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United States Dimes Information

This page contains general and historical information about United States Dimes. The dimes that we have for sale are divided into 1916-1945 Mercury Dimes and 1946-1964 Silver Roosevelt Dimes and 1965-2009 Clad Roosevelt Dimes. You can click the links, select the sub-category or search to browse our products.

History of the United States Dime

The United States dime is a unit of currency valued at 10/100 or 1/10 of one dollar.

Draped Bust (1796–1807)

 

 

 

 

The draped bust dime, designed by Robert Scot, was first circulated in 1796. Draped Bust dimes were composed of 89.24 percent silver and 10.76 percent copper.

Capped Bust (1809-1837)

 

 

 

 

The Capped Bust dime was designed by Mint Assistant Engraver John Reich. The new reverse featured a Bald Eagle grasping three arrows and an olive branch. Covering the eagle's breast is a U.S. shield with six horizontal lines and 13 vertical stripes. On the reverse is the lettering "10C," making it the only dime minted with a numerical indication of its value.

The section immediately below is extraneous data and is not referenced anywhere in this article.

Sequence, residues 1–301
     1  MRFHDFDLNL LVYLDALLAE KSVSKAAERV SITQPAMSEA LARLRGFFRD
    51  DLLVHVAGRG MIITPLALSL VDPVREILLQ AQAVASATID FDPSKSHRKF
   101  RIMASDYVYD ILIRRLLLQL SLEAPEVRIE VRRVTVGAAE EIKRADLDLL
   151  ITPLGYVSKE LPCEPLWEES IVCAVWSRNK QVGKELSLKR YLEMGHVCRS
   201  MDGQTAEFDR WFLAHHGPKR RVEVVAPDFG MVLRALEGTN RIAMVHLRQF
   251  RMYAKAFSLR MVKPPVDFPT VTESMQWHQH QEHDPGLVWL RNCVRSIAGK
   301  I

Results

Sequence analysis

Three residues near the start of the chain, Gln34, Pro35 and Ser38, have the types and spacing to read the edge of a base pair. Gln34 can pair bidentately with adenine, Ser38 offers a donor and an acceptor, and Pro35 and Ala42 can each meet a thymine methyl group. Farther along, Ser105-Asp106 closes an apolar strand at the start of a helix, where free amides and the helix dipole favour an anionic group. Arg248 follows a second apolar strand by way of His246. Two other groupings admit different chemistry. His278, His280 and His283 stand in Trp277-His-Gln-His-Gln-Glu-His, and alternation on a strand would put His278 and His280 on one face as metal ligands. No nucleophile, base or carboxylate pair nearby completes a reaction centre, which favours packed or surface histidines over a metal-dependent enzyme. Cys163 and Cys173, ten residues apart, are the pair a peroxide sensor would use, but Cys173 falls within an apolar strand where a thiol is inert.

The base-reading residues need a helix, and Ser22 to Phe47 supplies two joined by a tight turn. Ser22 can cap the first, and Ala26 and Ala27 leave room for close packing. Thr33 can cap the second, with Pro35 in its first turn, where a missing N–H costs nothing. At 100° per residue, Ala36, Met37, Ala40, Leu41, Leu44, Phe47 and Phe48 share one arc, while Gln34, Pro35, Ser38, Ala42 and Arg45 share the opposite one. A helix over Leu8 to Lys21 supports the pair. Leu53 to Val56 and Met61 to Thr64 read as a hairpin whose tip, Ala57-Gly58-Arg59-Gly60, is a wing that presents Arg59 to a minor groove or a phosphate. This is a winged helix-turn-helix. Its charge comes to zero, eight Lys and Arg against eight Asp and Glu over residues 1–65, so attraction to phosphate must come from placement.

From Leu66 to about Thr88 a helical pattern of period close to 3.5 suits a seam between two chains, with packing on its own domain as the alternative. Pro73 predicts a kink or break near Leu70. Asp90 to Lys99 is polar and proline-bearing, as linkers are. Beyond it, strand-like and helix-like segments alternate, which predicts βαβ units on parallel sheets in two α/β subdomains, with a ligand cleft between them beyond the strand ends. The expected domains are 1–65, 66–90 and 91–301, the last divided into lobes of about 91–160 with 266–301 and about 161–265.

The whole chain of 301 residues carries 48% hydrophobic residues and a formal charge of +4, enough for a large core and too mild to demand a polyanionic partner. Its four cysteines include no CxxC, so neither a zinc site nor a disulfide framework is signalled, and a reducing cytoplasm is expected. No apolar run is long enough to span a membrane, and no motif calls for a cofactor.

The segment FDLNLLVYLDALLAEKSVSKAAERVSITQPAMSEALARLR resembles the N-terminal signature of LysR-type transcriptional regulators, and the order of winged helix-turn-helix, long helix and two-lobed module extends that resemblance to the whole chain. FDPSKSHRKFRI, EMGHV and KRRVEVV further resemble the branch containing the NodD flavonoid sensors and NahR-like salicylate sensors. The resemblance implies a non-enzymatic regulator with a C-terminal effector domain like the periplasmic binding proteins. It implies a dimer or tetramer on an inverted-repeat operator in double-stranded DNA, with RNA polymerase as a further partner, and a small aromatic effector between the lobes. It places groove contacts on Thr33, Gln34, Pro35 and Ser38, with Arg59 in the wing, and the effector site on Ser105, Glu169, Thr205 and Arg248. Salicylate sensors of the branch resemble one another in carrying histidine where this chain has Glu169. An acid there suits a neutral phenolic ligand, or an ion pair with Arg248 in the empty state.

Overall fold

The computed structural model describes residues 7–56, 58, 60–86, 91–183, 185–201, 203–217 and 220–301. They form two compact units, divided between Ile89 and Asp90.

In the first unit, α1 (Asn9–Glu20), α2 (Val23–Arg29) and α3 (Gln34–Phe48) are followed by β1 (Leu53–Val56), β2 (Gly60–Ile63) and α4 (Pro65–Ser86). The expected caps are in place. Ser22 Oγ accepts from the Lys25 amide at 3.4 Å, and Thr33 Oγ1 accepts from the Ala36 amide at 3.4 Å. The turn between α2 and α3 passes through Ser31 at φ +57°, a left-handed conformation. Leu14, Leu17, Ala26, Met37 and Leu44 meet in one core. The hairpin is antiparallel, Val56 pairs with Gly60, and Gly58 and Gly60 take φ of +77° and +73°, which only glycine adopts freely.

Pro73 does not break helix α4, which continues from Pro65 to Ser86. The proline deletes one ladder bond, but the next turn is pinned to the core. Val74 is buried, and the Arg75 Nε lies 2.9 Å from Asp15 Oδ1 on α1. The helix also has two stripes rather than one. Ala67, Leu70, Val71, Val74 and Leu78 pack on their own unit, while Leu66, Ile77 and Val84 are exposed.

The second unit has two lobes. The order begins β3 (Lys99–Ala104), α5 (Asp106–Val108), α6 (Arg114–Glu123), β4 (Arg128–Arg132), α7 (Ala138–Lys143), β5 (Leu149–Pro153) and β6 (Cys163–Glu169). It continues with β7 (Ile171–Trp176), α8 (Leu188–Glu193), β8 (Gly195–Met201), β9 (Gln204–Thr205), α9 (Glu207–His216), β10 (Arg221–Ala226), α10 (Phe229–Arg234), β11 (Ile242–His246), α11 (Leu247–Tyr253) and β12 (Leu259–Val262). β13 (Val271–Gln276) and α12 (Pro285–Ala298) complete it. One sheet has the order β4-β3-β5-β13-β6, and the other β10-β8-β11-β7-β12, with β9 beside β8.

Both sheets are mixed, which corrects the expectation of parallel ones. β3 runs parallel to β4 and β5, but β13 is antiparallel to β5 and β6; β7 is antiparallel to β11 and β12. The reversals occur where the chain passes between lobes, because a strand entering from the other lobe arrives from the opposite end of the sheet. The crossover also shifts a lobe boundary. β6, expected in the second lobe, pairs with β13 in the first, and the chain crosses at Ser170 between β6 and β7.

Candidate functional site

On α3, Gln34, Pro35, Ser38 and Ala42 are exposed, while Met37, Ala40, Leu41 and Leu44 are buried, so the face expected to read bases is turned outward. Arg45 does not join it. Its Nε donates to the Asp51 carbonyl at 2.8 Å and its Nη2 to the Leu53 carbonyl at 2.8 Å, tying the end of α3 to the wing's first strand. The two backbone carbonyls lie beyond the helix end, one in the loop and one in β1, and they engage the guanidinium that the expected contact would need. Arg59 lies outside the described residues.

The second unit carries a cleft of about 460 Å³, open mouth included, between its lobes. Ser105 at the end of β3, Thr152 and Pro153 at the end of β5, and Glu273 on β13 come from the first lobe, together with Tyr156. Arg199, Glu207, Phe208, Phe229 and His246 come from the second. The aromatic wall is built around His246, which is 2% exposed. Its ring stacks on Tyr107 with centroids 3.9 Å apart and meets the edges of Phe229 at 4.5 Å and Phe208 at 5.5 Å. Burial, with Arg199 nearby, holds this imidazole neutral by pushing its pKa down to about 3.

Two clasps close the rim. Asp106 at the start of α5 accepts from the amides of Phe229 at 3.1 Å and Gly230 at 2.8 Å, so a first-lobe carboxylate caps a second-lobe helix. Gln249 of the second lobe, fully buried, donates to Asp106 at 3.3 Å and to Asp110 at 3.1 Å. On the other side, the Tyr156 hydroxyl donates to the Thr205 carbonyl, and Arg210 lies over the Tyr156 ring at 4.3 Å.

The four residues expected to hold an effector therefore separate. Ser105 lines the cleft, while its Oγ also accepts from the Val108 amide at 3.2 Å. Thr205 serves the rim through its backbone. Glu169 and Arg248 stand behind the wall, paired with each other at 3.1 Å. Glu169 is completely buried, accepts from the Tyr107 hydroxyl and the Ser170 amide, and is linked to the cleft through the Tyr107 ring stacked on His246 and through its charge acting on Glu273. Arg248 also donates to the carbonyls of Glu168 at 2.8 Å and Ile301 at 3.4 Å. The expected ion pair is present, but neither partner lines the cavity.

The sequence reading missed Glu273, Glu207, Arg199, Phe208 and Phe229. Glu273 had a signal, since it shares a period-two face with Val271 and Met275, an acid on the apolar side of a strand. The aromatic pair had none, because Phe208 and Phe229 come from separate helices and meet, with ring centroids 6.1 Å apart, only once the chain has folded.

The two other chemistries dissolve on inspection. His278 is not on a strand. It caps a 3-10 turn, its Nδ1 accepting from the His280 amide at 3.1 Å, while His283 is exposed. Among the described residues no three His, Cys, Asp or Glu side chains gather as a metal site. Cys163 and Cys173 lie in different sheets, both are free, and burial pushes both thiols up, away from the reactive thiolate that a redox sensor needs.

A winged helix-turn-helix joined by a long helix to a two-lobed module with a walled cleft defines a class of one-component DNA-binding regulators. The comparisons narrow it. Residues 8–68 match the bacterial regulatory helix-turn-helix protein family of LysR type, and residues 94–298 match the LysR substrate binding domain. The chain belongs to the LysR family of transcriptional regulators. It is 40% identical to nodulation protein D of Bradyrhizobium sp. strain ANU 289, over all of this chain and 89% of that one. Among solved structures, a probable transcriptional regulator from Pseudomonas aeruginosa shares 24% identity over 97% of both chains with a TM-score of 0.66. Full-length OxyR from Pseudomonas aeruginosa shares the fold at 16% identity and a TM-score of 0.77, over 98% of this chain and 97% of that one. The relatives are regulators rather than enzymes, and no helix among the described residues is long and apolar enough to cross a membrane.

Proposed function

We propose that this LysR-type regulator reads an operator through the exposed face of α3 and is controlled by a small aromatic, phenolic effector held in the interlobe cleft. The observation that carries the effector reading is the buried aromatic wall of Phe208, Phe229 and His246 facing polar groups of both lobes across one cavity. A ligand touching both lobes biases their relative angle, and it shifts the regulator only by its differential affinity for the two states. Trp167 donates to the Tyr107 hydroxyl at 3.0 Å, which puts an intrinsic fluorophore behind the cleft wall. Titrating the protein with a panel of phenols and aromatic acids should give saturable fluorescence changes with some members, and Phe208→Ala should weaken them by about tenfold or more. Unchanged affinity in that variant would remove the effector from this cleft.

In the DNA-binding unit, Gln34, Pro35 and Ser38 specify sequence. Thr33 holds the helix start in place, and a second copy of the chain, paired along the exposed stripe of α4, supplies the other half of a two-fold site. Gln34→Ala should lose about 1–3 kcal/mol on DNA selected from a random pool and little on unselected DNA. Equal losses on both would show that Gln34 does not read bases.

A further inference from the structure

Seated Liberty (1837–1891)

 

 

 

 

The seated Liberty dime was first designed by Chief engraver William Kneass and finished by William Gobrecht. This composition of this dime is 90% silver and 10% copper and this composition continued through 1964.

Barber Dime (1892-1916)

 

 

 

 

The Barber dime is named after its designer, Chief Engraver, Charles E. Barber. The reverse is very similar to the Seated Liberty dime.

Winged Liberty Head (Mercury) (1916–1945)

 

 

 

 

Although this coin is commonly referred to as Mercury dime, the design actually depicts Liberty wearing a Phrygian cap. The phrygian cap is a symbol of liberty and freedom and with extended wings is intended to symbolize freedom of thought.

Roosevelt (1946–present)

 

 

 

 

The Roosevelt dime was designed by John R. Sinnock. The dime was choosen to honor Roosevelt partly due to his efforts in the founding of the National Foundation for Infantile Paralysis (later renamed The March of Dimes). The coins were 90% silver and 10% copper through 1964. In 1965 the composition was changed to 75% copper and 25% nickel this "clad" makeup is still in use today.